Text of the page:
The treatments used in for controlling acute lymphocytic leukemia are numerous and all provide different functions that can help an individual manage the condition and bring about remission. The goal of the treatment methods used for acute lymphocytic leukemia is to place the condition into permanent remission. In some cases, individuals with cases of acute lymphocytic leukemia in remission can experience relapse, meaning that the condition begins to affect the body again. Treatment of the condition is accomplished in two stages; induction therapy and post-induction therapy. Induction therapy is intended to kill as many of the cancerous cells as possible while allowing the blood counts to reach normal levels. Post-induction therapy helps the condition stay in remission and improves the quality of life of the patient.
The medications given to patients to treat acute lymphocytic leukemia can be taken by mouth or injected intravenously. In many cases, the individual is given a combination of medications, each geared to affect a certain aspect of acute lymphocytic leukemia. There are a number of medications that can be used in the treatment of the condition including cyclophosphamide, clofarabine, cytarabine, prednisone, methotrexate, vincristine, pegaspargase, mitoxantrone, imatinib mesylate, daunorubicin, and dexamethasone. Combining several of the medications for treatment can strengthen the effects of all of the medications used.
In some cases, acute lymphocytic leukemia can affect the lining of the brain and spinal cord, causing headaches, blurred vision, nausea, and vomiting. These cases require immediate treatment to save the life of the patient. When acute lymphocytic leukemia has affected the central nervous system, the medications needed to control the condition cannot be taken by mouth, but must be injected via a spinal tap. A spinal tap is an injection directly into the spinal fluid that surrounds the spinal cord. This allows the medication to flow directly to the areas that need them the most. Whether the medications are taken by mouth, by direct injection into the vein, or by spinal tap, they are all considered types of chemotherapy which is the primary treatment for acute lymphocytic leukemia.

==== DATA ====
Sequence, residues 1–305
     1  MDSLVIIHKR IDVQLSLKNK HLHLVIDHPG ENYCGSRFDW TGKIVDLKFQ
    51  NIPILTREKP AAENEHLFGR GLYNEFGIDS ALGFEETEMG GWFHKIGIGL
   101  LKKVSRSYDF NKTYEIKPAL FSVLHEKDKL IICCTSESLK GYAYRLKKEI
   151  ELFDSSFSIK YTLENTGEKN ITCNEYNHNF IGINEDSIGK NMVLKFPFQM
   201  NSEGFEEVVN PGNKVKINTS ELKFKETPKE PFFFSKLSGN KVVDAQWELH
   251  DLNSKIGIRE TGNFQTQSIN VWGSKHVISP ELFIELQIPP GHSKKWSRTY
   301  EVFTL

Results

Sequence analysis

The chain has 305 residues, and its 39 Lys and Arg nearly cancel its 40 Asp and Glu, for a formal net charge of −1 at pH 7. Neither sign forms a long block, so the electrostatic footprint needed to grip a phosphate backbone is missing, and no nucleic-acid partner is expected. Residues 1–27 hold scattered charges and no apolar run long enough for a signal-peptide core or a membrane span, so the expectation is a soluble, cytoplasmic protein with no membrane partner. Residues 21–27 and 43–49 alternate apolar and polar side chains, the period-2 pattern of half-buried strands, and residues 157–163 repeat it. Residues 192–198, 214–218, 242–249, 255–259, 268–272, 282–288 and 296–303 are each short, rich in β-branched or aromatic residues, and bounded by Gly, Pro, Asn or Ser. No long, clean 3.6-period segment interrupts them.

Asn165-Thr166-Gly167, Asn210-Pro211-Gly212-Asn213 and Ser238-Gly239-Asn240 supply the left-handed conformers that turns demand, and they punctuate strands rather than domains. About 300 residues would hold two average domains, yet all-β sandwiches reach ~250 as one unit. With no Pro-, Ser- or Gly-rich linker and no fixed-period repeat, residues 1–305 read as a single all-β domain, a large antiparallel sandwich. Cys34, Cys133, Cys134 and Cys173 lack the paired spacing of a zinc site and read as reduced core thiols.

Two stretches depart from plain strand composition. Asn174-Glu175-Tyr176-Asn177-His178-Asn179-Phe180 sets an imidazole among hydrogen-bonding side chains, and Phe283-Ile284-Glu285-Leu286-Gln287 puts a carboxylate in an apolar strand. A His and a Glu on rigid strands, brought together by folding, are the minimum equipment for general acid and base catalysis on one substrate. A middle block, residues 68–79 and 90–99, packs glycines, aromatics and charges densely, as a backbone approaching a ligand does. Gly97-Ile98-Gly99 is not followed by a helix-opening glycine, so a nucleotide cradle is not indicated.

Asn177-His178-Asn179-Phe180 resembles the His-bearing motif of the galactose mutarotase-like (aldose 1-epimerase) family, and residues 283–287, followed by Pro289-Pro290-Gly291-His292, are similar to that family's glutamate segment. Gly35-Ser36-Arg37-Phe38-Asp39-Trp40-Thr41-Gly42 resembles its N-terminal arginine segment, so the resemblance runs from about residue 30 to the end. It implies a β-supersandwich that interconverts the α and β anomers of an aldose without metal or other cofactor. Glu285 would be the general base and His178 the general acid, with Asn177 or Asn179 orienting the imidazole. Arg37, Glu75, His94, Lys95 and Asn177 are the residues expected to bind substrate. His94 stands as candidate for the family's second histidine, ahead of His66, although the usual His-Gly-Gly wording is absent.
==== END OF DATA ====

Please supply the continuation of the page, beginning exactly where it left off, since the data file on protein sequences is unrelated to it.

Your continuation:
Bone marrow transplantation is another technique that is sometimes used in the treatment of acute lymphocytic leukemia. This technique is used rarely in older adults because of the high risk of adverse side effects and complications associated with the treatment. Bone marrow transplantation is also very hard on the health of the patient and requires an extensive recovery period. For the technique to be effective, a suitable donor must be found, preferably someone directly related to the patient. In some cases, the patient’s body rejects the transplanted bone marrow tissue, which can cause life threatening complications. Whichever treatment is chosen to control the effects of acute lymphocytic leukemia on the body, the patient will require close monitoring to see whether the treatments are successful and whether the patient is experiencing any adverse side effects. Adverse side effects from the treatment of acute lymphocytic leukemia are usually very serious due to the strength of the medications used and the appearance of side effects from the treatment may require immediate hospitalization to preserve the health of the patient.
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